“Last year we ran 60,000 labels for 18 SKUs,” Everhart explains. “This year we expect to run about 180,000 labels for our seasonal Pumpkinbeast beer alone. Since our other seasonal beers, including Saison De Aviator, Double Ugly Rye Pale Ale, Oktoberbeast and Frostnipper are also gaining in popularity, we anticipate a significant increase in the total number of labels.”
The company uses PVC shrink sleeve labels because they provide a vibrant look to the labels’ unique, bold 360-degree graphics. Unlike adhesive labels, the moisture-rich brewery environment does not adversely affect them so they retain their vivid colors.
The EZ-100 Shrink Sleeve Applicator’s electro-pneumatic film control system enables quick and easy changeover to different container sizes without expensive or time consuming tooling changes. Although Aviator usually uses 12-ounce cans, when a customer wanted a short run of 16-ounce cans, line personnel were able to make adjustments to the machine in about 30 minutes.
A look at the canning lines
A feeding mechanism supplies the cans to a conveyor that delivers them to the Axon EZ-100 Shrink Sleeve Label Applicator. There the labels are applied at a rate of between 40 to 45 cans per minute. With its stepper drive film feed system and guillotine knife system, the Axon machine provides precise and repeatable film cut lengths, ensuring that the label shrinks within the specifications. Aviator Brewing worked with Image Press, who supplied the high quality labels that met its stringent specifications.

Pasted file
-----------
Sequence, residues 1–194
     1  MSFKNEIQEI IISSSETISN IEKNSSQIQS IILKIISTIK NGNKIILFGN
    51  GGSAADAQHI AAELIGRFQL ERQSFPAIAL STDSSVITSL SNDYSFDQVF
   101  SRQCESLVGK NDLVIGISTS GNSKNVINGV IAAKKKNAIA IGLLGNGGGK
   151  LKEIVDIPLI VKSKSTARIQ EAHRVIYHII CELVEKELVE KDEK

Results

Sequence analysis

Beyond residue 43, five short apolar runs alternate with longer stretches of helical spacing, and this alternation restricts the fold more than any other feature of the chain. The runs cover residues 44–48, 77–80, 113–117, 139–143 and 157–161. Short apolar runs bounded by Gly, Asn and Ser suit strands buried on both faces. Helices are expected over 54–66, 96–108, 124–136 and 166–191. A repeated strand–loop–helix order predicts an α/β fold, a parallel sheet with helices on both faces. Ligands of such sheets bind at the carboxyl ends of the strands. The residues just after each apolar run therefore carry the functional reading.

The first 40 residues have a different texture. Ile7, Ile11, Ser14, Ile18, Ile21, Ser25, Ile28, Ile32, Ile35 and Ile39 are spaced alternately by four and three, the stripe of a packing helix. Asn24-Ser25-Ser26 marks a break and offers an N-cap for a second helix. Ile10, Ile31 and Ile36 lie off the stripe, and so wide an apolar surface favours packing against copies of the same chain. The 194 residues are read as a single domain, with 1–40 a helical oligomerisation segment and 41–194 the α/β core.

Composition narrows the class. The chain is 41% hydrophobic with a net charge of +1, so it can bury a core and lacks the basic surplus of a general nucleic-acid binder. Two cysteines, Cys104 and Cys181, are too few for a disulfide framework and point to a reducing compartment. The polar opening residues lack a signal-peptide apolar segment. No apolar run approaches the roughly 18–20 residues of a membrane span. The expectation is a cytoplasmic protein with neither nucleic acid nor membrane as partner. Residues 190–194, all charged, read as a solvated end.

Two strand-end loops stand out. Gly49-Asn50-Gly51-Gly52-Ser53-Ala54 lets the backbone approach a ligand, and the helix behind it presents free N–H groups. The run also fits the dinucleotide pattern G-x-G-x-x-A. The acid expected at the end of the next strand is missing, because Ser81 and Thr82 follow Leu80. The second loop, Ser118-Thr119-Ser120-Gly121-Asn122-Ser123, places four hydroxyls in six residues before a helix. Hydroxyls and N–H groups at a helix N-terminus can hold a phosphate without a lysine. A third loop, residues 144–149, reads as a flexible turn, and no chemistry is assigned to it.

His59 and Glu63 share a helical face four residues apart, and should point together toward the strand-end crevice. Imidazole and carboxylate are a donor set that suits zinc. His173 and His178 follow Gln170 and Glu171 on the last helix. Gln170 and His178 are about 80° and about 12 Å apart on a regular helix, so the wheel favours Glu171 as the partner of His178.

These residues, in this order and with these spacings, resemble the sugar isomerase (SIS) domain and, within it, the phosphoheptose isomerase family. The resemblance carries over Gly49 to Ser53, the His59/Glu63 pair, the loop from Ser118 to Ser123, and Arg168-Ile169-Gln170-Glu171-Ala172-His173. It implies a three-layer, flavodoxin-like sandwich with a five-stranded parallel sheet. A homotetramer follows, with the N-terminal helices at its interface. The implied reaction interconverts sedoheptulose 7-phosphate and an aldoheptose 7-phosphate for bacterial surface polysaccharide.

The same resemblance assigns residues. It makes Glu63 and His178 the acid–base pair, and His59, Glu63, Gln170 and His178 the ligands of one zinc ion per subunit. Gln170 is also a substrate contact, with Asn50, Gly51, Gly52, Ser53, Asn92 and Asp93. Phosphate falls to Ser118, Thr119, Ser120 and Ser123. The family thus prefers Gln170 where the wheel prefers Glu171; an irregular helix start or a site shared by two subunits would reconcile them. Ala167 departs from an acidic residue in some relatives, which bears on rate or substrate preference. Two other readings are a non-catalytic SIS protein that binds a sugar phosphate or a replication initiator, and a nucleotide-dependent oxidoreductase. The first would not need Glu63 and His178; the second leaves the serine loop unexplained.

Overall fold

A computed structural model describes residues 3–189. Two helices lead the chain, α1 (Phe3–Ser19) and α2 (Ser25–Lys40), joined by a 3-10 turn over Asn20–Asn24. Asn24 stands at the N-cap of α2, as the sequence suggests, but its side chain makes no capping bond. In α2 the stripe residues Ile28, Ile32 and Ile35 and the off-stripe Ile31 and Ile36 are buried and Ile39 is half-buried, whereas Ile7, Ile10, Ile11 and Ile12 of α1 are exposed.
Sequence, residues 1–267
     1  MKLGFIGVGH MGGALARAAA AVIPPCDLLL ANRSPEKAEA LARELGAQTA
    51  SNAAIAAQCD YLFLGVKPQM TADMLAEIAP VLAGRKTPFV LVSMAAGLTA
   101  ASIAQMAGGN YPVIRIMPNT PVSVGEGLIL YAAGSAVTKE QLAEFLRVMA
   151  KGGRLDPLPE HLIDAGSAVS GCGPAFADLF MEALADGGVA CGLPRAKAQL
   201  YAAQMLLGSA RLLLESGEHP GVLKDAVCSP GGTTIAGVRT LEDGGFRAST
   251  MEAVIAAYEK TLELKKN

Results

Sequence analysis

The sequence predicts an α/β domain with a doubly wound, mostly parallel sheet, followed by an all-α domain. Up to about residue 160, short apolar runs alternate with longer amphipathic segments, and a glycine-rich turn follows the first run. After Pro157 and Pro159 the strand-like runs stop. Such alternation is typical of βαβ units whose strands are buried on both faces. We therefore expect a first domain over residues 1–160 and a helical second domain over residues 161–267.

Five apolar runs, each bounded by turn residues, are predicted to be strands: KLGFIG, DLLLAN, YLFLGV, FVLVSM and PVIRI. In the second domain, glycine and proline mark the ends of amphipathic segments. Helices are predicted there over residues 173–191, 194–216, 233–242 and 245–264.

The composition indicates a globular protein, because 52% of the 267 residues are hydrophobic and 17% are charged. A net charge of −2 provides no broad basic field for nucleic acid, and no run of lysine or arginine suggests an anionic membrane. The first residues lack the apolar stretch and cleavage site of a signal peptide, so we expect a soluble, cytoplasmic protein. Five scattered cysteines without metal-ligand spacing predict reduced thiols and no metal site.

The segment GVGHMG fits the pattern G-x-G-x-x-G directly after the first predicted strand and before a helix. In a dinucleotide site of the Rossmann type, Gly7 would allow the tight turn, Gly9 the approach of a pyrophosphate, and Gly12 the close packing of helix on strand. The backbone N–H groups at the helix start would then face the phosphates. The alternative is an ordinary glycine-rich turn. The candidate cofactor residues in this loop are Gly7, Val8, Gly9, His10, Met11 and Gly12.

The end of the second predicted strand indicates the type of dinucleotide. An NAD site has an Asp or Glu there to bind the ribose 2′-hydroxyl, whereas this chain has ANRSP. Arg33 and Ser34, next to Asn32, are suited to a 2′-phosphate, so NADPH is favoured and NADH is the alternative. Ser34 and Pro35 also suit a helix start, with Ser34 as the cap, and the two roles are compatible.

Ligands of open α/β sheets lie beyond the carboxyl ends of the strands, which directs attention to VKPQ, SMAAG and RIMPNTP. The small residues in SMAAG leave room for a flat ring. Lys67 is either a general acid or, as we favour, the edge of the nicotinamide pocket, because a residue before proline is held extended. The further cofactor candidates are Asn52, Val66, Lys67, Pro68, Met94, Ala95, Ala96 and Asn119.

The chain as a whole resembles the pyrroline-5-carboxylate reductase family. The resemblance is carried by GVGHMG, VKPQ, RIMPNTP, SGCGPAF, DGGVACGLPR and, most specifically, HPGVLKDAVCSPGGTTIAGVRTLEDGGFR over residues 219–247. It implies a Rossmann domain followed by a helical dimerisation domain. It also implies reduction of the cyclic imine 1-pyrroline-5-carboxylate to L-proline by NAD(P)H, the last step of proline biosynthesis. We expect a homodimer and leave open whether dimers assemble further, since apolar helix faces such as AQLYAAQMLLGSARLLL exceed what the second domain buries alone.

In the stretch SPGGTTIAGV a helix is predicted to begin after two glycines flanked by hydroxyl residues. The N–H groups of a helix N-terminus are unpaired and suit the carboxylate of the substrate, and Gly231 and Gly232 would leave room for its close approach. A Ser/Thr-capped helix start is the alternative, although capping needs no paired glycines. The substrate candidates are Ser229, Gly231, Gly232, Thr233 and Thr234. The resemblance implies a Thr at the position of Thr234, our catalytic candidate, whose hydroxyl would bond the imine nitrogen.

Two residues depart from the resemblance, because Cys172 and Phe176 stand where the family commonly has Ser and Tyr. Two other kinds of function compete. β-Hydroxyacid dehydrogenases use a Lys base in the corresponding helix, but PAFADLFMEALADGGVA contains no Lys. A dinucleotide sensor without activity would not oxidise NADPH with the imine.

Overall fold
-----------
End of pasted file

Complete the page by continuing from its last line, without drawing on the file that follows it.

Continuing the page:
After the labels have been applied, the cans travel through an electric heat tunnel where the PVC labels shrink to the outside dimensions of the can. At the end of the tunnel they arrive at an off-feed table where operators stack and layer cans. Once five rows are filled, the cans are moved to a Cask Brewing Systems (cask.com) automated canning line. The first stop at the Cask line is the automatic depalletizer. The depalletizer feeds the cans through a twist rinse operation to ensure the cans are clean. They then go into the purge station where carbon dioxide is injected to remove air. Next the cans move to the automated filler. A lid is then dropped on the cans and they go to a seaming table where they are automatically seamed and sealed. Once sealed, the cans are conveyed to a six-pack applicator. The six-packs come off the line and are placed in a cardboard tray in case quantities of 24 six-packs.
“Axon’s EZ-100 gives us the flexibility we need to label our seasonal and limited run craft beers economically. It has given us a cost effective way to produce smaller quantities of our products until market demand reaches a volume where it becomes feasible to use printed cans. And, the incredible, vibrant graphics of these labels makes our products stand out. It is a great solution for a craft beer organization looking to expand,” says Everhart.
To see a video of this technology in action, go to packagingstrategies.com/AviatorVideo